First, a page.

ESA Science & Technology - Publication Archive
Download this interactive media kit to learn more about the launch of CHEOPS on 17 December 2019 and the science goals of the mission. CHEOPS, the CHaracterising ExOPlanet Satellite, is ESA's first mission dedicated to the study of exoplanets. It will observe bright stars that are already known to host planets, measuring minuscule brightness changes due to the planet's transit across the star's disc.
- Event programme
- Key messages
- CHEOPS science themes
- CHEOPS: an exoplanet follow-up mission
- Exoplanet detection methods
- Exoplanets discoveries
- Examples of planetary systems
- Characterising exoplanets with CHEOPS
- CHEOPS observing programmes
- What are exoplanets made of?
- Open questions: How do planets form?
- Open questions: How do planets evolve?
- High photometric stability and precision
- Where is CHEOPS?
- Launch details and timeline
- CHEOPS team and consortium
- Selected images
- Selected videos
- Media services
To download the pdf file (25 MB) click on the image or on the link to publication below.
Solar Orbiter is a mission dedicated to solar and heliospheric physics. It will address big questions in Solar System science to help us understand how the Sun creates and controls the heliosphere, the giant bubble of plasma that surrounds the whole Solar System and influences Earth and the other planets within it. The spacecraft will provide close-up, high-latitude observations of the Sun to gain new information about the solar wind, the heliospheric magnetic field, solar energetic particles, transient interplanetary disturbances and the Sun's magnetic field.
- Living with a star
- Exploring our Sun
- Anatomy of our Sun
- Preparing for extreme environments
- How Solar Orbiter will study the Sun
- Launching and operating Solar Orbiter
- Teamwork with Parker Solar Probe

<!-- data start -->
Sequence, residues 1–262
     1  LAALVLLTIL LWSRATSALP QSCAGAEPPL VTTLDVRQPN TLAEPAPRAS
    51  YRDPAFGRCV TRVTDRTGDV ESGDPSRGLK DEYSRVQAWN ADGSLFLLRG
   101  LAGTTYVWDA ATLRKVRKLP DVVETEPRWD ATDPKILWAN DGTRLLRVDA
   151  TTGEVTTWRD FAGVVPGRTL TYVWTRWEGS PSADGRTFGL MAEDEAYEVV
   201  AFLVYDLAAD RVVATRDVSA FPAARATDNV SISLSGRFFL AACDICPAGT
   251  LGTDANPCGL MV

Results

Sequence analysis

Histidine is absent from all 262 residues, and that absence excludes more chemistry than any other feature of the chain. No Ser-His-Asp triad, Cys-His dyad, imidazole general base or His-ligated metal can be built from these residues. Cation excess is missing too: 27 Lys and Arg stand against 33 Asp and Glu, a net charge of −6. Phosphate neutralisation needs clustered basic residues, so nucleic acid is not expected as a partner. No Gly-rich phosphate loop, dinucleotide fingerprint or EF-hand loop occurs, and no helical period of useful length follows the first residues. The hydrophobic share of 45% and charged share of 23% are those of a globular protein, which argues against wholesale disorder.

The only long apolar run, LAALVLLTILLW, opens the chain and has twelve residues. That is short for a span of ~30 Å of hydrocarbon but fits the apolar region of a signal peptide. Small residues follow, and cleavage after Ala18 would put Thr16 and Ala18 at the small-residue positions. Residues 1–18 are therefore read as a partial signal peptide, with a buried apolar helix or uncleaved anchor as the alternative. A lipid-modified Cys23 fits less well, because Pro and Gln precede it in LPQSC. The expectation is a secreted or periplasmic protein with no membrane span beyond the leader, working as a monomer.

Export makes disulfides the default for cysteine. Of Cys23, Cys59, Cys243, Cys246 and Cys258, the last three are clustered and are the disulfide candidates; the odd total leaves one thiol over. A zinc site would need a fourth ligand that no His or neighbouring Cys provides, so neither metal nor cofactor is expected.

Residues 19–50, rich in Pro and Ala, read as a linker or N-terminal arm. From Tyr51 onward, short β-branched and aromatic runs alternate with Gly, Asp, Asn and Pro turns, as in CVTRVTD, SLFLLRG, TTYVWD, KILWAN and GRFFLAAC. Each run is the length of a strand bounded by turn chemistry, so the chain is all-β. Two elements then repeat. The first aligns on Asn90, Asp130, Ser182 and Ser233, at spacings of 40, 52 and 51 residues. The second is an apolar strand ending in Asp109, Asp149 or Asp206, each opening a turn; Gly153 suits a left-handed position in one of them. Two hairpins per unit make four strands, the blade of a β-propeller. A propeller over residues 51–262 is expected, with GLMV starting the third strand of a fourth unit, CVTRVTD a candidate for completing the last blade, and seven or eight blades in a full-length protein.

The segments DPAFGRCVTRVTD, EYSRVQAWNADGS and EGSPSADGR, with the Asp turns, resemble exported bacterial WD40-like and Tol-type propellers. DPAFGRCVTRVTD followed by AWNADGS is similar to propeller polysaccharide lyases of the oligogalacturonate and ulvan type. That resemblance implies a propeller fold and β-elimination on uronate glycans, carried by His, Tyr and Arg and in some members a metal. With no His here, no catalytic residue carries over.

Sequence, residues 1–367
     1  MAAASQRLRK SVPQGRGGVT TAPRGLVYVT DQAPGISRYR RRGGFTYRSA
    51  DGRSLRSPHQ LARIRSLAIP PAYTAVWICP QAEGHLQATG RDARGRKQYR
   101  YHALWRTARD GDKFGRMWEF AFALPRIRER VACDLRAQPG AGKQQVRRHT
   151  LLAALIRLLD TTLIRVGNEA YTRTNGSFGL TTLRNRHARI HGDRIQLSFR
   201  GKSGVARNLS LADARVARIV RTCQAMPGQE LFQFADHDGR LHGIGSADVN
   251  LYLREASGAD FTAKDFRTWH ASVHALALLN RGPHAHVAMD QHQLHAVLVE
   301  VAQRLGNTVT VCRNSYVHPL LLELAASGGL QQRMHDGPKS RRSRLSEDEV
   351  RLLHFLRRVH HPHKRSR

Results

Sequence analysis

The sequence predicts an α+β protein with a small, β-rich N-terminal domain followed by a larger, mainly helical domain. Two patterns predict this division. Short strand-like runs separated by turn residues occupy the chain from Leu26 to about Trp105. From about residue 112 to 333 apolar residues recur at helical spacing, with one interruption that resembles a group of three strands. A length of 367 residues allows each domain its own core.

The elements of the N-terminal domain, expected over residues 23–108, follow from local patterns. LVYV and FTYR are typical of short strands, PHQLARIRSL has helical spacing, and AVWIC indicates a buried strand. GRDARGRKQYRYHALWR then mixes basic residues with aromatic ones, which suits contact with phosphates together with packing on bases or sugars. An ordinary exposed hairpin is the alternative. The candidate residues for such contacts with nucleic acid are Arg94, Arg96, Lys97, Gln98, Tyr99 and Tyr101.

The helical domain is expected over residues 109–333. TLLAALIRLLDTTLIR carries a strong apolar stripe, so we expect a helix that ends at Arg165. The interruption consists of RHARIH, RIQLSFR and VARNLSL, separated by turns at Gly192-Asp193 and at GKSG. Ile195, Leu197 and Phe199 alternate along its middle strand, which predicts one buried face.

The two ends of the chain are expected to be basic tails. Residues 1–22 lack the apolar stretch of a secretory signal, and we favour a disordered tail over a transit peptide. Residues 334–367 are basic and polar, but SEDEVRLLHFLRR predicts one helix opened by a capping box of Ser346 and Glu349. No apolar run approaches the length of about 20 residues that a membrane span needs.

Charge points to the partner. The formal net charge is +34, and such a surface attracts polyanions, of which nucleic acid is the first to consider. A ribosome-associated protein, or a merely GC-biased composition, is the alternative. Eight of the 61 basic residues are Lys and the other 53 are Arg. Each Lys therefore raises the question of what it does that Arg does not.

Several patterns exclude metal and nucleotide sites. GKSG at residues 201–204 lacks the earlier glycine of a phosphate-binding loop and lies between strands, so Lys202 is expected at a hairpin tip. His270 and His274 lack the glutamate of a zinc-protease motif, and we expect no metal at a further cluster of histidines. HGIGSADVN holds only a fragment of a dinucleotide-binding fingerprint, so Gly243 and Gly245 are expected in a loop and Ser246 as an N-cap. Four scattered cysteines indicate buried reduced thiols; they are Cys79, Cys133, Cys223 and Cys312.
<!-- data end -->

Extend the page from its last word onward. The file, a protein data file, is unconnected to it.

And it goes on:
- An international enterprise
Document reference: ESA-SCI-F-ESTEC-RP-2019-001
The EPIG (ESA Probe for Investigation of the Giants) CDF study explored the feasibility of a European "stand-alone" mission to the Ice Giants (or Saturn as back-up). It corresponds to an ESA internal assessment of the capabilities to use only European technology to explore the outer planets.
The study was carried out by an interdisciplinary team of experts from ESA in eight sessions, starting with a kick-off on 28 March 2019 and ending with an Internal Final Presentation on 9 May 2019. This is a summary report of the EPIG CDF study. The full CDF study report will be made available at a later date.
This brochure summarises the Herschel mission and its science achievements to date, capturing the basis for the science yet to come and its enduring legacy.
The European Space Agency's Herschel Space Observatory flew the largest single mirror ever built for a space telescope. At 3.5-metres in diameter the mirror collected long-wavelength radiation from some of the coldest and most distant objects in the Universe. In addition, Herschel was the only space observatory to cover a spectral range from the far infrared to sub-millimetre.